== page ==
One in five intensive-care nurses responding to a survey admitted hastening the deaths of terminally ill people, sometimes without the knowledge of doctors, families or the patients themselves.
The nurses invariably said they acted out of compassion - a strong desire to end patients’ misery - and they often accused doctors of letting the hopelessly sick suffer needlessly.
“The tragedy I see here is that some of the nurses act as if they feel euthanasia was the best option for patients because other options” - such as better pain control or moving to a hospice - “seem unavailable to them,” said Dr. David A. Asch of the University of Pennsylvania.
Asch mailed 1,600 eight-page surveys to subscribers of Nursing magazine and got back anonymous replies from 852 critical-care nurses. He described the results in today’s New England Journal of Medicine and included some of the comments the nurses wrote.
“I’m left with the dilemma of carrying out orders that I believe - and sometimes know - are not in the patient’s best interest or what the patient or family has expressed as their desires,” one nurse wrote.
Wrote another: Doctors “should step into our shoes for about one month to get a much better idea of how much patients and their families are allowed to suffer.”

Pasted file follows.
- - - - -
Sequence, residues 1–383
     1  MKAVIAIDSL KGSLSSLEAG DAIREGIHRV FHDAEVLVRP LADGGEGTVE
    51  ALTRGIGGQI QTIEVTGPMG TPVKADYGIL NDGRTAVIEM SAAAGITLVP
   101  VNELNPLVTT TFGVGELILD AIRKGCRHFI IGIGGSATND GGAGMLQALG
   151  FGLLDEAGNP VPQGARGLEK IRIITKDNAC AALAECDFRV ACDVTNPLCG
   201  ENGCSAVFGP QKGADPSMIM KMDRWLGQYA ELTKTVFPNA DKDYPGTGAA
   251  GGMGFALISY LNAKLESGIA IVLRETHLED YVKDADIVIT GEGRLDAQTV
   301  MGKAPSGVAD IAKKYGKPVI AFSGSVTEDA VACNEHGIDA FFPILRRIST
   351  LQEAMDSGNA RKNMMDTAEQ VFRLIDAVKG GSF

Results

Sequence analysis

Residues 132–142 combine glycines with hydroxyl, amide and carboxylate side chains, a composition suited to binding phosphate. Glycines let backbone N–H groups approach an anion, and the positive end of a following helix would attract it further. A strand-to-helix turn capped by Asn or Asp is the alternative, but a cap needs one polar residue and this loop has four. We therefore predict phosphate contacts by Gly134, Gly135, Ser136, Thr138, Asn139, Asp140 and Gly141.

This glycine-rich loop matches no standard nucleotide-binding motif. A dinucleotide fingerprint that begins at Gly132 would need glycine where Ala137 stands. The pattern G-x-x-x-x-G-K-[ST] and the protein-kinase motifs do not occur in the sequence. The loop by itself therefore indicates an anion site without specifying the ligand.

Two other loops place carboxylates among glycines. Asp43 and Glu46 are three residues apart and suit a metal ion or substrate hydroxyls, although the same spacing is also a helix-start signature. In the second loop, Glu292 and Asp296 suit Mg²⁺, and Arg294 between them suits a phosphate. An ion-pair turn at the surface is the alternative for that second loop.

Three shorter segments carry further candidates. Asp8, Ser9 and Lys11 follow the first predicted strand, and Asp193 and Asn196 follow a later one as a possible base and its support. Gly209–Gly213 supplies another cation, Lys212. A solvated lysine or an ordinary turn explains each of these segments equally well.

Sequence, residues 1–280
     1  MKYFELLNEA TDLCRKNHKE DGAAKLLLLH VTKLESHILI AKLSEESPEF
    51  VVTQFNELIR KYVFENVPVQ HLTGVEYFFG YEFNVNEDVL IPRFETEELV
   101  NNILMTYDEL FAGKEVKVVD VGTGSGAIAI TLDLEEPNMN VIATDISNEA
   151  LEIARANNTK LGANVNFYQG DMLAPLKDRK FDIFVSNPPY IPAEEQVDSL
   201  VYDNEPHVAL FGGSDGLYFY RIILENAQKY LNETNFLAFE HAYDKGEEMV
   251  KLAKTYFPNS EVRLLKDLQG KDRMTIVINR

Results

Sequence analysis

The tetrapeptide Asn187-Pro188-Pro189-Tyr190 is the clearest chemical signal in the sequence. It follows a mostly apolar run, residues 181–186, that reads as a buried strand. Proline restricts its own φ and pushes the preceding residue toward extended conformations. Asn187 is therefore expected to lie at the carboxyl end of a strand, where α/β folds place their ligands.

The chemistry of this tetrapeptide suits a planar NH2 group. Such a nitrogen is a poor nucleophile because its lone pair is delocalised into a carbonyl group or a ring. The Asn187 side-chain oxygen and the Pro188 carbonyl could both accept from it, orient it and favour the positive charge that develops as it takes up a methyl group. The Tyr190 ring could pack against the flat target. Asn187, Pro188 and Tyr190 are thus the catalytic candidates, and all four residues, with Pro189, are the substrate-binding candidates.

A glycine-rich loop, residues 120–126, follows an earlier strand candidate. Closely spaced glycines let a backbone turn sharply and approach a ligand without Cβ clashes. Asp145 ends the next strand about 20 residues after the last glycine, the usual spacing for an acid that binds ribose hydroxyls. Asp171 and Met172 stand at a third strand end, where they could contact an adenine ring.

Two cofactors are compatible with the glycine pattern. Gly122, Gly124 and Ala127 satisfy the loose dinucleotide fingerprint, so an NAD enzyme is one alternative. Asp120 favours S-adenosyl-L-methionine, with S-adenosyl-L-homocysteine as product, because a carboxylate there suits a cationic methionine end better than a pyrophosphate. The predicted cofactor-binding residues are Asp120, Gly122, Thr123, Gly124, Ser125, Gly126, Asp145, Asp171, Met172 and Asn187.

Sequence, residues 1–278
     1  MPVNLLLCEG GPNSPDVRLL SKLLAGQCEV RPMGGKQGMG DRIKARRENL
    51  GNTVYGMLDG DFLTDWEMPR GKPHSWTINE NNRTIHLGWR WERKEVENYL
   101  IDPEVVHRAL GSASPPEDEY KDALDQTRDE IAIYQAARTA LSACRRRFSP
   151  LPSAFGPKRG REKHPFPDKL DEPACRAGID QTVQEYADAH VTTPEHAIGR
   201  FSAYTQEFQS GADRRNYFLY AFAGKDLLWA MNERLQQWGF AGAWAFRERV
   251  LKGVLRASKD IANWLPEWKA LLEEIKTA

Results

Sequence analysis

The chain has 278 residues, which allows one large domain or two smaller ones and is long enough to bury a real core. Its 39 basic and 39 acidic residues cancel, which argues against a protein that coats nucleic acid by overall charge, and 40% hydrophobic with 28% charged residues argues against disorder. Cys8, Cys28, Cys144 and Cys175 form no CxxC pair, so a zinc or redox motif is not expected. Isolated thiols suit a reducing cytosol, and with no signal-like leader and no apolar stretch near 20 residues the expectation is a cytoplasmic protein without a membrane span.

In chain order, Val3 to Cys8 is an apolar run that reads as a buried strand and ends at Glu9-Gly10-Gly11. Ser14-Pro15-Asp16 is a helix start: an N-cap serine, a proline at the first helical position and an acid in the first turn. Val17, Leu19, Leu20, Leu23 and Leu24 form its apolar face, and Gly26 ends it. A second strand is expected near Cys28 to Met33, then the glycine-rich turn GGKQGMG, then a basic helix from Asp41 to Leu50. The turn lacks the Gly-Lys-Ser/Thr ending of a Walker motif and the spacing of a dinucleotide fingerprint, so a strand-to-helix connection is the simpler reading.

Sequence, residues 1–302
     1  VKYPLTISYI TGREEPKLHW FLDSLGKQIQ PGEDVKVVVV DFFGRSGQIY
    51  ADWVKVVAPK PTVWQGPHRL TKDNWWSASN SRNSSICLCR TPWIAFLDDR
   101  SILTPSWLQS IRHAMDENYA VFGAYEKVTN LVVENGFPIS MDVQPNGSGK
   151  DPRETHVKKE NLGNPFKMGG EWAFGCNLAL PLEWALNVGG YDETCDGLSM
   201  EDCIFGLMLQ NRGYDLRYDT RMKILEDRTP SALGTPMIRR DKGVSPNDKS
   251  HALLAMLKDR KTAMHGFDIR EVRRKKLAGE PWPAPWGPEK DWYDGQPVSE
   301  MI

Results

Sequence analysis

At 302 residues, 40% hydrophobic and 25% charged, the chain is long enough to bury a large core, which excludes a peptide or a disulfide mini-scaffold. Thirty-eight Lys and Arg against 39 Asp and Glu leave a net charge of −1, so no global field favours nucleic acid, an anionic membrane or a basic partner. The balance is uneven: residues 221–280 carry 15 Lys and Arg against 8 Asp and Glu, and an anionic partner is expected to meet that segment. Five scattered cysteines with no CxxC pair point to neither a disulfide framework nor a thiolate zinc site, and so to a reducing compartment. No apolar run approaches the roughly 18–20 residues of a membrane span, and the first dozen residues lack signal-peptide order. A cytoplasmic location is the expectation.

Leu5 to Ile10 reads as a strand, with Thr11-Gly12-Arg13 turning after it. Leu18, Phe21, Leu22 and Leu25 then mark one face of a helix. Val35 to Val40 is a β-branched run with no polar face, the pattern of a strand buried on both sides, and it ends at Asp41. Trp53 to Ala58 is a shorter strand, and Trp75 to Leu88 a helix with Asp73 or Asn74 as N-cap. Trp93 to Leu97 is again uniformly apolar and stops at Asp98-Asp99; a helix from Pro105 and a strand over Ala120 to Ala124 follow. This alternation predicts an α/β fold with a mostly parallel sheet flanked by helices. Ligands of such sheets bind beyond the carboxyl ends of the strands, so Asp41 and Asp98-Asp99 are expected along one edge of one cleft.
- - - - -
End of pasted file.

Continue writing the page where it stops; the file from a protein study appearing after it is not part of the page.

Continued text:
The survey found the most common way of killing patients is giving them overdoses of narcotics. One nurse confessed to giving morphine doses much higher than prescribed, then falsifying the amount of the drug left over.
Most nurses who intentionally killed patients said they had done it only once or twice. However, six nurses said they had hastened the deaths of 20 or more people.
Most of the time, nurses acted on the request of patients, their families or the doctors. However, 58 of the nurses said they had taken a life at least once without the patient’s urging.
In an accompanying editorial in the journal, Colleen Scanlon of the American Nurses Association Center for Ethics and Human Rights called the study disturbing and “potentially damaging to the nursing profession.”
sponsored According to two 2015 surveys, 62 percent of Americans do not have enough savings to handle an unexpected emergency, much less any long-term plans.